What Are Lawn Grubs and How Do I Get Rid of Them?
A few grub worms are no problem. A lot of grubs spell trouble for your yard. Learn how to spot, treat and prevent a lawn grub infestation.
Our editors and experts handpick every product we feature. We may earn a commission from your purchases.
If you have a turf lawn, you almost certainly have lawn grubs. These destructive pests are present during certain times of the year in most parts of the U.S.
Your healthy grass can sustain a little lawn grub damage and be OK. But when grubs proliferate, they can really wreak havoc. Take action before it’s too late. Read on to learn what you need to about lawn grubs, including how to prevent and eradicate them.
What Are Lawn Grubs?
Lawn grubs, or grub worms, are the white, c-shaped larvae of several types of beetles. They have brown heads and six legs at the front of their body. They range from a quarter-inch to two inches long and feed on the grass roots.
Past the larval stage, grub worms will form cocoons, or pupae, and emerge as billbugs or scarab beetles. They lie low for the winter. By springtime they’re ready to lay eggs, which become grubs, and the cycle continues.
Types of Lawn Grubs
Lawn grubs are billbug or scarab beetle larvae. Among billbugs, the most common types that infest lawns in the U.S. are:
- Hunting billbug, Sphenophorus venatus vestitus Chittenden;
- Bluegrass billbug, Sphenophorus parvulus Gyllenhal;
- Denver billbug, Sphenophorus cicatristriatus;
- Lesser billbug Sphenophorus minimus Hart;
- Unequal billbug Sphenophorus inaequalis.
There are 1,300 types of scarab beetles in the U.S., but not all of them are out to eat your lawn. The most common scarab beetles that attack American lawns are:
- Japanese beetle, Popillia japonica (an invasive);
- June beetle, Phyllophaga (includes dozens of species also called green June beetle, June bug or May beetle);
- Masked chafer, Cyclocephala borealis;
- Argentinian scarab, Cyclocephala signaticollis (invasive);
- African black beetle, Heteronychus arator (invasive);
- European chafer, Amphimallon majale (invasive).
How Grubs Impact the Lawn
Valerie Smith of Sod Solutions, which provides turfgrass for commercial and residential lawns, says, “Given the right opportunity and the appropriate amount of time, grub worms have the capability to completely destroy an entire lawn.”
Lawn grubs live underground and feed on the roots and thatch of grass. Grubs are typically dormant in the winter months, and do the most feeding — and damage — in spring and late summer. They especially thrive in southern climates, where there is no winter freeze to kill them off.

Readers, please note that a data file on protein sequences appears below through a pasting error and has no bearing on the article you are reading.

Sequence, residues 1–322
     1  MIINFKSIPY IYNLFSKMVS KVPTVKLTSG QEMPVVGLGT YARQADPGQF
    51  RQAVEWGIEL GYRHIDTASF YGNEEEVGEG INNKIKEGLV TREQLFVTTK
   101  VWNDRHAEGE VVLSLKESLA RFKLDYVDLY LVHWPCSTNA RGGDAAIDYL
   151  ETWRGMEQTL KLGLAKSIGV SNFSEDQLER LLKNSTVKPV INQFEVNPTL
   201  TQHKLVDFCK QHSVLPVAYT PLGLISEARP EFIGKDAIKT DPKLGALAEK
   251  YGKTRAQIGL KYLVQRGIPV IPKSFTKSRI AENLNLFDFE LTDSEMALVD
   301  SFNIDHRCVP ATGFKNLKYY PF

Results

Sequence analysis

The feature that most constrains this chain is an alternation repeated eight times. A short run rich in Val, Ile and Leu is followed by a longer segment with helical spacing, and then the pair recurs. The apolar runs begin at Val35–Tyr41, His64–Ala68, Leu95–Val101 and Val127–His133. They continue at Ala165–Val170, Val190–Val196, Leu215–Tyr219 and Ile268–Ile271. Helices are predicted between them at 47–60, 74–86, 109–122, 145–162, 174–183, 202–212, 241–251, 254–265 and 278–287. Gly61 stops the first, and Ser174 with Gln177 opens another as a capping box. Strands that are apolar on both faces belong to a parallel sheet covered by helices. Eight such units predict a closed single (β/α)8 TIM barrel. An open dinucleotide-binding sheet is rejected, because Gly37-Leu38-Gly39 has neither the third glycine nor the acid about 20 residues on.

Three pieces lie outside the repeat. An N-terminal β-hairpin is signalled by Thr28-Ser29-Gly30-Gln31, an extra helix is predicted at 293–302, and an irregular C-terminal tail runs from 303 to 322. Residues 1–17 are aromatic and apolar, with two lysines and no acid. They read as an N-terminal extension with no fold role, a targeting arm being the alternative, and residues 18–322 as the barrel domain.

Left unchecked, a lawn grub infestation can weaken and kill sections of grass where the root system has been destroyed and the turf can no longer absorb water.
Signs of Lawn Grubs
According to the pros at Sod Solutions, here are some telltale signs of lawn grub problems:
- An increase in crows, raccoons and digging pests, like moles, in your lawn. They’re there to feed on the grubs.
- Weeds start to pop up due to weakened turf.
- Dying or damaged areas of grass.
- Spongey-feeling grass.
- Grass lifts up like a piece of carpet because its roots have died off.
Of course, another sure way to tell if you have grubs is to actually see them in your soil. Dig down three to four inches in several different sections of soil. An occasional grub is not cause for concern. But if you find more than five grub worms per square foot, Sod Solutions says it’s time for immediate treatment.
How to Get Rid of Lawn Grubs
In most climates, grubs are near the surface of the soil. They’re at their smallest and most vulnerable in August and September, so these are the best months to treat for them.
Sod Solutions recommends Dylox 6.2 Granular White Grub Insecticide, which needs to be applied with a broadcast spreader and watered within 24 hours. However, this product is toxic to wildlife, and shouldn’t enter storm drains or drainage ditches.
- Introduce nematodes — beneficial, microscopic worms that feed on grub worms.
- Introduce milky spore, a naturally occurring “disease” that attacks grub worms but doesn’t harm other plants or wildlife. The spores must be spread several times over two years, but they protect your lawn for 10 years or more.
- Create a bird-friendly habitat by placing birdhouses and birdbaths in your yard to attract insect-eating birds like robins, wrens and jays. They’ll eat the grubs, along with the beetles once they start to emerge.
How to Prevent Lawn Grubs From Coming Back
A healthy lawn is the best defense against grub worms and beetles. Fertilize your lawn once or twice a year and remove built-up thatch. You may want to consider an organic lawn fertilizer, especially if you’ve introduced beneficial nematodes. Some chemical fertilizers will kill nematodes.
Should You Call a Professional?
If you already use a lawn service to keep your yard neat and healthy, they will likely spot your grub problem and suggest treatments. If not, you can call a lawn service to treat the lawn. But grub eradication is a doable DIY project. Pros are probably going to use the same methods you would if you treated the lawn yourself, so the only advantage of hiring a pro is to save yourself the hassle.